Try planting the perennial Alchemilla mollis into any nooks and crannies of your patio, as seen here. With gently scalloped leaves and vibrant lime-green flowers in the summer, it's a lovely, low-maintenance plant. Plus, it looks stunning after rainfall, as droplets of water cling to its foliage like jewels.
The wild look is balanced by the soft topiary behind. Again, nothing too formal – but it gives the garden a considered, rather than abandoned, feel.
6. Fill containers with annuals
These two large pots frame the entrance to the patio and make a striking feature in themselves. They are full of pale-mauve pincushion flowers – an annual meadow-flower that's a favourite of butterflies – amongst other purple-hued beauties.
Keeping a selected colour palette is a great way to bring a sense of cohesion to a cottage garden style space. Although, of course, a more eclectic approach is totally fine, too – whatever suits your style!
There's more inspiration in our patio gardening ideas feature.
7. Add a stone bird bath for a rustic look
To elevate your patio, why not add a bird bath? A classic stone version such as this will weather beautifully over time and provides a charming focal point.
What's more, it will offer a retreat for any visiting featured friends. And is there anything more delightful then watching garden birds chirp and flit merrily nearby? You might like to take a look at our other advice on how to attract birds to your garden, too.
8. Line your patio steps with flowers
If your plot is on a slope, then you may have steps leading to (or away from) your patio. They can be easily worked into your cottage garden style with the addition of plants.
You may have already picked your favourites, but these ones are Saliva 'Hot Lips'. A favourite amongst many gardeners, their eye-catching white and red blooms sit along elegant stems. They look lovely planted en masse.
Head over to our garden steps ideas for more ways to make them a feature of your space.
9. Add eye-catching statues
One for children and adults alike – why not decorate your patio with a stone statue or two? This smartly-standing whippet is a delight amongst the surrounding Astrantias.
What's more, it will continue to add interest and character to your plot when the flowers die back come winter. You could also try positioning two, either side of a pathway, for a classic, countryside feel.
10. Adorn your walls with roses
Sweetly-scented roses are a must-have for any cottage-style garden, so make sure you bring them to the patio, too. Just take a look at these beautiful roses to introduce scent and colour to your garden for inspiration. You can display miniature kinds in pots, larger types in nearby borders, or why not introduce a climber or two?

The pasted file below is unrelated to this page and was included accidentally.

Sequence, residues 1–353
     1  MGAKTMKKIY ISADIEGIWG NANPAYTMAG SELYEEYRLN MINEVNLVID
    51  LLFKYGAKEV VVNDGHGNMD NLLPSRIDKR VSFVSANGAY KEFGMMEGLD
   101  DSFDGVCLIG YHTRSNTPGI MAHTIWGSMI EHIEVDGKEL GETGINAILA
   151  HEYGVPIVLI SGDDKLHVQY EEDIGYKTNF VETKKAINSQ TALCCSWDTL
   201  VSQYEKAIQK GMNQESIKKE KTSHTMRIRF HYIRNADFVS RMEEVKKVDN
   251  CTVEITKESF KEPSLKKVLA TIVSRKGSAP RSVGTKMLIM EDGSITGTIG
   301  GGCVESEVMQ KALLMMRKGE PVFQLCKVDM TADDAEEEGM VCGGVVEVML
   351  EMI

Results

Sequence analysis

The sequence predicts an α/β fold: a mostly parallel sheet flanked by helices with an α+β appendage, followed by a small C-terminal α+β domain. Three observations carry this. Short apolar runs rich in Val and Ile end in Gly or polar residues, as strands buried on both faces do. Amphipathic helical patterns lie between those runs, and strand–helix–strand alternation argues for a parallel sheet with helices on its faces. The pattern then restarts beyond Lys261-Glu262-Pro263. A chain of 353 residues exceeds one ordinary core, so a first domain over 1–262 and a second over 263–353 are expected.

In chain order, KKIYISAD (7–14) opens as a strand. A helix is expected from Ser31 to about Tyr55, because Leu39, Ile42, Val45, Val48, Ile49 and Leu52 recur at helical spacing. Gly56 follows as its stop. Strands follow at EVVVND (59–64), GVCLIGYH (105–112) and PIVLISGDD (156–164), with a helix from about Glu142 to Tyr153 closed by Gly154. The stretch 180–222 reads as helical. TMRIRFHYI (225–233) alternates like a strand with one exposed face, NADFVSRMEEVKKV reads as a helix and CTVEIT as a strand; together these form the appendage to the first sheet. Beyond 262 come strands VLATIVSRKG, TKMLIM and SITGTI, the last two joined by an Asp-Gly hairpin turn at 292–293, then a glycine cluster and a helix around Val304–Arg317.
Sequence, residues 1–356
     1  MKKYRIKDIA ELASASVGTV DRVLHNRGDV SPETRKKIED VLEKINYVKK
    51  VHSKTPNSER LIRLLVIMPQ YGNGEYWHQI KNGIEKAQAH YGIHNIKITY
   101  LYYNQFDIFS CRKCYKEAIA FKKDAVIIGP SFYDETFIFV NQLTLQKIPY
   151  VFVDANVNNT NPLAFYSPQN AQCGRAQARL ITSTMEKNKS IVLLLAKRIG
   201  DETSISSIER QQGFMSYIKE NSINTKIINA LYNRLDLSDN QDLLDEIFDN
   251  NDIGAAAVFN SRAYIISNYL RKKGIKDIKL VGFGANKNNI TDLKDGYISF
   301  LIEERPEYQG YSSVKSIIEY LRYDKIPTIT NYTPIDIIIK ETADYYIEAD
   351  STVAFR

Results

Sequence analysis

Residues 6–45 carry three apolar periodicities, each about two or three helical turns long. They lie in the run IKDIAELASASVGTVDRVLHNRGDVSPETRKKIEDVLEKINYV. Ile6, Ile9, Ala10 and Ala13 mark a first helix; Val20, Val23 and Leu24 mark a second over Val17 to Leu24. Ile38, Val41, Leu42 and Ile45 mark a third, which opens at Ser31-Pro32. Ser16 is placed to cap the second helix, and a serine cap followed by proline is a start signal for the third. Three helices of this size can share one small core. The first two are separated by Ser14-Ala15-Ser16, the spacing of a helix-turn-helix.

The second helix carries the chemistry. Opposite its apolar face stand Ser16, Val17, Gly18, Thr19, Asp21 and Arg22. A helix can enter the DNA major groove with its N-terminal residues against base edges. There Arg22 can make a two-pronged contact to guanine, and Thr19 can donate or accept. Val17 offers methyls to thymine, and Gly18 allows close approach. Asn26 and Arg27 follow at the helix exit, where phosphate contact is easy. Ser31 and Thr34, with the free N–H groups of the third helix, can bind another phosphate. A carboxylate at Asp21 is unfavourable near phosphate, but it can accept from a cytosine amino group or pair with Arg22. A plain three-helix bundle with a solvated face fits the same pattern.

As the RHS (opens in new tab) advise, both climbing and shrub varieties can do well when trained up walls, pillars or archways. We love David Austen's 'Gertrude Jekyll' for bright pink blooms with incredible scent, which can be used as a short climber.
11. Add rustic wooden shelves
These A-line shelves have a rustic charm that works well on a cottage garden patio. Covered in pots, lanterns and outdoor ornaments, it's a great way to add an extra dose of style to your space.
With its natural wooden finish, it blends in with the rest of the theme perfectly. You could also use it to string up bunting for a vintage feel, or even festoon lights to up the ambience further.
What materials shall I use for a cottage garden patio?
For a cottage garden patio, embrace reclaimed, traditional materials. 'Examples that spring to mind are brick edges, simple gravel paths, crazy paving with self seeded herbs and flowers growing in the cracks, herringbone brick paths, and simple stepping stones running through the planting,' says garden designer Tracy Foster of Tracy Foster Garden Design.
'The look also lends itself well to narrow paths and flowing curves, which is great if you would like a change from the prevailing hard lines of recent design trends,' she adds.
'Anything that looks handcrafted or homemade will fit in well, especially if it's made of local material in a regional style. Woven willow obelisks, cleft chestnut fencing, woven willow or hazel hurdles, and dry stone or mellow brick walls are suitable choices.'